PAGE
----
Global Innovation Index 2019 Released, Focus On The Future of Medical Innovation

The Global Innovation Index 2019 was released today with an overarching theme of “Creating Healthy Lives – The Future of Medical Innovation.”

In addition to ranking countries according to their innovation performance on 80 indicators, this year’s Index also analyses the medical innovation landscape, and how emerging innovations, such as artificial intelligence (AI), genomics, and mobile health applications, will impact delivery of healthcare in developed and developing countries.

The Global Innovation Index 2019 found that overall, “Switzerland is the world’s most-innovative country followed by Sweden, the United States of America (U.S.), the Netherlands and the United Kingdom (U.K.),” according to a World Intellectual Property Organization (WIPO) press release.

The Index also identifies India, South Africa, Chile, Israel and Singapore as regional leaders, and found China, Viet Nam and Rwanda topping their income groups.

In the overview section, which introduces this year’s theme of “The Future of Medical Innovation,” the Index poses key questions the edition aims to address:

  • “What is the potential impact of medical innovation on society and economic growth, and what obstacles must be overcome to reach that potential?
  • How is the global landscape for research and development (R&D) and medical innovation changing?
  • What health challenges do future innovations need to address and what types of breakthroughs are on the horizon?
  • What are the main opportunities and obstacles to future medical innovation and what role might new policies play?”

From its analysis, five key messages emerge:

  1. “High quality and affordable healthcare for all is important for sustainable economic growth and the overall quality of life of citizens. While significant progress has been achieved across many dimensions over the last decades, significant gaps in access to quality healthcare for large parts of the global population remain.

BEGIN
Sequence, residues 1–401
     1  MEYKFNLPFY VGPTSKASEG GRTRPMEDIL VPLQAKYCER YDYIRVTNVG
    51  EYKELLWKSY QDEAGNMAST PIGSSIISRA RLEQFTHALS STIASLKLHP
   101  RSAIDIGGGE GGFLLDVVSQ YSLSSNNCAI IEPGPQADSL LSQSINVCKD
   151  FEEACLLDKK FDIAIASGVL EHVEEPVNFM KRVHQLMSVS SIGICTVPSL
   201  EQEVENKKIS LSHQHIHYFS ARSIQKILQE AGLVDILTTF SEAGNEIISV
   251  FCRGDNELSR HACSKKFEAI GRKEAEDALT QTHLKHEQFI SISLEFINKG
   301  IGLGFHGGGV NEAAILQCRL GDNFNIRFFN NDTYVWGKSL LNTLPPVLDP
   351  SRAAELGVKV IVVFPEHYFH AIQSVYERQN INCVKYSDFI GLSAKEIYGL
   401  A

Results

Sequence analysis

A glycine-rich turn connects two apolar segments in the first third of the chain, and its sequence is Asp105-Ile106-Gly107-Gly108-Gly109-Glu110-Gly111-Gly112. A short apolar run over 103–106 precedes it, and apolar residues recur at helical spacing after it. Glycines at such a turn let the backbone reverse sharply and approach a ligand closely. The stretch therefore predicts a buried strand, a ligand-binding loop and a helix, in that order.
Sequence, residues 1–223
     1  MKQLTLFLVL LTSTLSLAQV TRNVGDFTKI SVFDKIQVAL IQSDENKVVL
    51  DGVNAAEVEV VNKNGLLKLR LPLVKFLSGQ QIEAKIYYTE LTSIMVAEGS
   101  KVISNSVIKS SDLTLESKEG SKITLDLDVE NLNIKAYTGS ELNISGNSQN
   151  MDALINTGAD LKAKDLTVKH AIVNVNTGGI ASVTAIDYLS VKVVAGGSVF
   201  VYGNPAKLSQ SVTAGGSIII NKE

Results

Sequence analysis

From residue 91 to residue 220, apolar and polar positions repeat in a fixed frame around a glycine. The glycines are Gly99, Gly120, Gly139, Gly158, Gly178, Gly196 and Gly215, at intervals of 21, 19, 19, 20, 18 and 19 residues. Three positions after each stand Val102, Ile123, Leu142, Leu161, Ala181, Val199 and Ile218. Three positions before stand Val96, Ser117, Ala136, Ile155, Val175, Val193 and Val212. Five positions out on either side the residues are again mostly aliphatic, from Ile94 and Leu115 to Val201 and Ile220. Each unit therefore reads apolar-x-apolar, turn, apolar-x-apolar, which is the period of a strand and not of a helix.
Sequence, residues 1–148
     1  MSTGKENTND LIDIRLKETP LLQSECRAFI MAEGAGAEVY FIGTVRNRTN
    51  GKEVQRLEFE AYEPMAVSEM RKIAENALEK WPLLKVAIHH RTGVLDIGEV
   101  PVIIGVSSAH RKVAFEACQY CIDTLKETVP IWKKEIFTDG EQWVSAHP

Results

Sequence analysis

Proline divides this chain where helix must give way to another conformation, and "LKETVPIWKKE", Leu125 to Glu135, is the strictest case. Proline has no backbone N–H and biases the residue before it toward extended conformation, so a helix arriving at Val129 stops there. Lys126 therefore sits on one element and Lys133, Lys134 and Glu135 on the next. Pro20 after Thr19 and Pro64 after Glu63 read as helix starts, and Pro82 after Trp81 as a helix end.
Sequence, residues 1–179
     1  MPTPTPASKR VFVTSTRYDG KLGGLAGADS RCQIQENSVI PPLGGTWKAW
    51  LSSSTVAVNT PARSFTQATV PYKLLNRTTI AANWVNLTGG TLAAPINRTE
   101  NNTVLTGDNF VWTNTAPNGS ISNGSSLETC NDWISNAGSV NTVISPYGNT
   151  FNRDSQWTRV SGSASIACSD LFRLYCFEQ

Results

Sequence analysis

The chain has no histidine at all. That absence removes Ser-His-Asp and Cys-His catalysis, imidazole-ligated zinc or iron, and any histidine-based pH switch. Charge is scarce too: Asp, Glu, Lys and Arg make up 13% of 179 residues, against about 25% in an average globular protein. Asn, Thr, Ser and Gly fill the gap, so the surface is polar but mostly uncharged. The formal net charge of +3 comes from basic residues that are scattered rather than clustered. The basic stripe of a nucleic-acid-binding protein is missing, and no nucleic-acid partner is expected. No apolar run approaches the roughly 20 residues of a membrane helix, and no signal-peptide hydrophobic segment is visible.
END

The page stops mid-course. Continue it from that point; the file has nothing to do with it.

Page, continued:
2. Medical innovations are critical for closing the gaps in global healthcare provision. These innovations are happening across multiple dimensions, including core sciences, drug development, care delivery, and organizational and business models. In particular, medical technology related innovations are blossoming, with medical technology patents more numerous and growing at a faster path than pharmaceutical patents for the last decade. However, some challenges need to be overcome—notably, a decline in pharmaceutical R&D productivity and a prolonged process for deploying health innovations due to complex health ecosystems.
  3. The convergence of digital and biological technologies is disrupting healthcare and increasing the importance of data integration and management across the healthcare ecosystem. New digital health strategies need to focus on creating data infrastructure and processes for efficient and safe data collection, management, and sharing.
  4. Emerging markets have a unique opportunity to leverage medical innovations and invest in new healthcare delivery models to close the healthcare gap with more developed markets. Caution should be taken to ensure that new health innovations, and their related costs, do not exacerbate the health gap between the rich and poor.
  5. To maximize the potential for future health innovation, it is important to encourage collaboration across key actors, increase funding from public and private sources, establish and maintain a skilled health workforce, and carefully evaluate the costs and benefits of medical innovations.”

“Innovation in the field of health is now being increasingly driven by data (Internet of Things) and artificial intelligence, in both diagnosis and prognosis. Unprecedented challenges need urgent attention in ethical, social and economic dimensions,” said Bruno Lanvin, INSEAD Executive Director for Global Indices and co-editor of the Global Innovation Index 2019, quoted in the press release.

“As the power of medical decisions moves farther away from medical professions, regulators, governments, business and civil society need to establish limits to the ways in which the holders of big data and advanced algorithms can make or influence health decisions. In the absence of swift action, innovation in health and medicine may become a significant source of inequality,” he said.

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